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Land reforms for a $5 Trillion economy & more.


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As India aims to attain $ 5 Trillion economy, major reforms are needed in all
four major pillars of economy, these are land, labour, capital & organisation.
The present dispensation has initiated reforms in 3 out of these 4 segments viz
labour reforms have been started by simplifying labour laws. Bank mergers and
bank privatisation, public listing of LIC, creation of bad banks is being
contemplated which will help to improve lending and capital formation.

On organisational front our entrepreneurs and start-ups have proved their mettle
in developing world class organisations.
One major reforms which is yet to take off from the drawing board is Land
reforms, which has the potential to bring huge prosperity to rural population, in
absence of Land reforms we find that a large segment of rural population
migrating to urban areas in search of employment, in spite of owning land
which could have been leveraged to generate low-cost capital
Historical perspective
Before the colonial rule, land used to be in the hands of community. The British
introduced permanent settlement and appointed land lords who came to be
known as zamindars or jagirdars, they paid a fixed commission to East India
company. Farmers purchased land from zamindars and gave it on hire for
cultivation to tenants, there were also landless labourers who tilled the land in
return for remuneration.
The tenants paid rent in cash or crop or a mix of both. Thus, the zamindars
formed an intermediary between the state and the farmers and they in turn
appointed series of intermediaries to collect rents, this led to exploitation of
farmers, abandoning of agriculture and migration of population from villages to
The colonial rulers treated land only as a source of revenue, so much so that the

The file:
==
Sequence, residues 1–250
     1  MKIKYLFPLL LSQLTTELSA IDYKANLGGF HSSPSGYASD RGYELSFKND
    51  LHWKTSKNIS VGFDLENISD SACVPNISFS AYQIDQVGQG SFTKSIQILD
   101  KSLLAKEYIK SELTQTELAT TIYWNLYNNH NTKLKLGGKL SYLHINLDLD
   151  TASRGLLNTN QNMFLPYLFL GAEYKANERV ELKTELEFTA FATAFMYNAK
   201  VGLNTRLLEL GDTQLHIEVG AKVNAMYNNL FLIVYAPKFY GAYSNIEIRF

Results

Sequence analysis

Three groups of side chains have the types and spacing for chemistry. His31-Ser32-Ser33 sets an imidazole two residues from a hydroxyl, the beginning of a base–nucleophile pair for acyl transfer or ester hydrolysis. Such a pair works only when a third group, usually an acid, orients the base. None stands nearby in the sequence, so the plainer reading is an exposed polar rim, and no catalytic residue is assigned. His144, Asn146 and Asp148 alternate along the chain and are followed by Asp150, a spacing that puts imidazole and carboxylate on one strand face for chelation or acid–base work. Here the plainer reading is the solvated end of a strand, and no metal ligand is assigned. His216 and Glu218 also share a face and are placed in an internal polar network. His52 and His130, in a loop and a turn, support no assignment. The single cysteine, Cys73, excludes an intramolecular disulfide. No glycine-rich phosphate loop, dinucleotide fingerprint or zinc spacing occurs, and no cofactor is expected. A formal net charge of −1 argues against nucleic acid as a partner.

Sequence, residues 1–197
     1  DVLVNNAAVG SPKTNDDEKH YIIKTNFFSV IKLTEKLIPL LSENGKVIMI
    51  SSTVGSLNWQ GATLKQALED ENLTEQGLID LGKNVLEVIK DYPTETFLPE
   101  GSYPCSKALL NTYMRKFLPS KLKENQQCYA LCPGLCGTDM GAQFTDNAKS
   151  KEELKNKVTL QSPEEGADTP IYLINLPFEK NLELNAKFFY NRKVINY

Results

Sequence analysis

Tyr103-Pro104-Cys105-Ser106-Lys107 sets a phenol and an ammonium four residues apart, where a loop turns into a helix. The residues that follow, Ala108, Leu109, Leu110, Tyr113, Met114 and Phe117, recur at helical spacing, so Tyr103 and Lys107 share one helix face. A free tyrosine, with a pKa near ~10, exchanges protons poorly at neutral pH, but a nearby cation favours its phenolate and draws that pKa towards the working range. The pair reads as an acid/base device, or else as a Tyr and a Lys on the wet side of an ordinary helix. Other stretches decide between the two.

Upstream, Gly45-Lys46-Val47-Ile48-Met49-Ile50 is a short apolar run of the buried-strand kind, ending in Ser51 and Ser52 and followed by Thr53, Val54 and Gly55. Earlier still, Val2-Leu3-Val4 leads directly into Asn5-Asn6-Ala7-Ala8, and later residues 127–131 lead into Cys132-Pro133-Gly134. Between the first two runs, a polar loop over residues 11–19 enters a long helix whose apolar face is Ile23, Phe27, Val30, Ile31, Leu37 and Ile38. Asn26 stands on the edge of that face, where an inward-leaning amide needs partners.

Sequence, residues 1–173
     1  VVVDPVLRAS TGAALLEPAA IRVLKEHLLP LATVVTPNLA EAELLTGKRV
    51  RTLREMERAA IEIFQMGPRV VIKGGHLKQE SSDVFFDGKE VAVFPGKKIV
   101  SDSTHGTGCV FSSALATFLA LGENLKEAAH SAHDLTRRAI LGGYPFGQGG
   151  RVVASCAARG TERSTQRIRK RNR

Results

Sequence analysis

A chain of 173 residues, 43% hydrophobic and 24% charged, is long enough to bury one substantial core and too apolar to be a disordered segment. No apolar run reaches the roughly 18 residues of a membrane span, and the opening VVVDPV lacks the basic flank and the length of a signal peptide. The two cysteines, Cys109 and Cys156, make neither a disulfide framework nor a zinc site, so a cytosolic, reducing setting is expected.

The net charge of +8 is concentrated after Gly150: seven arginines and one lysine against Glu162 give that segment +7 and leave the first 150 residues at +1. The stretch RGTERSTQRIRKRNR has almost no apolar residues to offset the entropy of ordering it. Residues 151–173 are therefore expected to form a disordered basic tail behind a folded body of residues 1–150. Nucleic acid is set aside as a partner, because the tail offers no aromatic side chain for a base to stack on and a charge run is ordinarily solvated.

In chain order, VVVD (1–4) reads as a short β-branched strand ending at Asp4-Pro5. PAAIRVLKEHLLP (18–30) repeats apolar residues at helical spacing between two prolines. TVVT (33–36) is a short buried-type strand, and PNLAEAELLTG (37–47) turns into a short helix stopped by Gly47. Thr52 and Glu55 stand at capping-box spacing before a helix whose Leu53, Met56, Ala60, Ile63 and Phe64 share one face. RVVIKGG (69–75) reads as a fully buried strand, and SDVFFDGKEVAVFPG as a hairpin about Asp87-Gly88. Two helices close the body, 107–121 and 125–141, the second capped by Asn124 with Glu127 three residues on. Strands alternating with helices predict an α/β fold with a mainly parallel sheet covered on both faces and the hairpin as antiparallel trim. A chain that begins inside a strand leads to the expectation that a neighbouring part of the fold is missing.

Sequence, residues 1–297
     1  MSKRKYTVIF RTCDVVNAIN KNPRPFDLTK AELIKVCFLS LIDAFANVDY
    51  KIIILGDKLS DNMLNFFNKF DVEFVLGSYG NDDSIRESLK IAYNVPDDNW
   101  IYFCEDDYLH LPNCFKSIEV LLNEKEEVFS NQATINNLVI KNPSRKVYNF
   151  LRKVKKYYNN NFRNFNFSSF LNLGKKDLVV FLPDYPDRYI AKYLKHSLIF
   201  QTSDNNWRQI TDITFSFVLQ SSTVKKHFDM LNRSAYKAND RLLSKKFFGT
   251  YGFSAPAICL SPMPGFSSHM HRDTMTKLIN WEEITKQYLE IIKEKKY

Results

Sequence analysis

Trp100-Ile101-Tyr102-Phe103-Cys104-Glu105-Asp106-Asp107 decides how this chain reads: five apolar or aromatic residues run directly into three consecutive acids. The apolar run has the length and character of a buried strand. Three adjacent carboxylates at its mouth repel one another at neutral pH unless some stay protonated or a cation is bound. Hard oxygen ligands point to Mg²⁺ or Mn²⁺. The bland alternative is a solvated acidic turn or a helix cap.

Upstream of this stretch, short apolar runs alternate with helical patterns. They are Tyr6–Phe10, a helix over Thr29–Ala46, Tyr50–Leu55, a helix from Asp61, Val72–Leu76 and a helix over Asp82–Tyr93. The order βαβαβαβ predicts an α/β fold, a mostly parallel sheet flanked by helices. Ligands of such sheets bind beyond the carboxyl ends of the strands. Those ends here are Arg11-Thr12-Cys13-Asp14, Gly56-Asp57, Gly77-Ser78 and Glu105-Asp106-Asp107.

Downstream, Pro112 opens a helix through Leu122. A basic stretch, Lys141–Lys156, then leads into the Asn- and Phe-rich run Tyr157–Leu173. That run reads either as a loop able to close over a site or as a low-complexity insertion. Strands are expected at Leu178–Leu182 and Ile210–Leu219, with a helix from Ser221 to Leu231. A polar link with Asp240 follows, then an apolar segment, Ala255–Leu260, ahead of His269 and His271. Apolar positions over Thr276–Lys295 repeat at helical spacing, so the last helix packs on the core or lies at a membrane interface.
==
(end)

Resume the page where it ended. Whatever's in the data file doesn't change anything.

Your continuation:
district administrators came to be known as “District collectors” a nomenclature
which is still in use.

Land reforms -Post Independence
Due to exploitation of rural population with the introduction of intermediaries,
widespread movements happened for the rights of share croppers and landless
labourers in the pre- and post-independent India.
The “Tebhaga” movement in the 1940s pressed for reducing share crop
payment to the zamindars. The movement was primarily concentrated in the
Bengal province. At that time the sharecroppers had to give half of their
produce to the landlords, the demand of the movement was to reduce this to one
third, subsequently this movement led to enactment of major land reforms in
West Bengal viz Operation Barga which led to giving land rights to share
The constitution also listed land as a state subject which led to dissimilarity in
land reforms across states, this affects industry and investment as investors have
to deal with different policies in different states
Decreasing size of Land holding: – Over the years the benefits from land
reforms started diminishing as property got divided among the children of land
owners thereby reducing the size of land holdings, this coupled with archaic
laws prevented the sale of agricultural land for non-agricultural use, which
prevented the farmers to leverage their land and take loans
As per the 10th agricultural census 2015-2016, there are five kinds of land
holdings in India according to the sizes, which are as follows: –
Sl No Size-Groups Classes (In hectares)

  1. Marginal Below 0.50
    0.50 < 1.00
  2. Small 1.00 < 2.00
  3. Semi Medium 2.00<3.00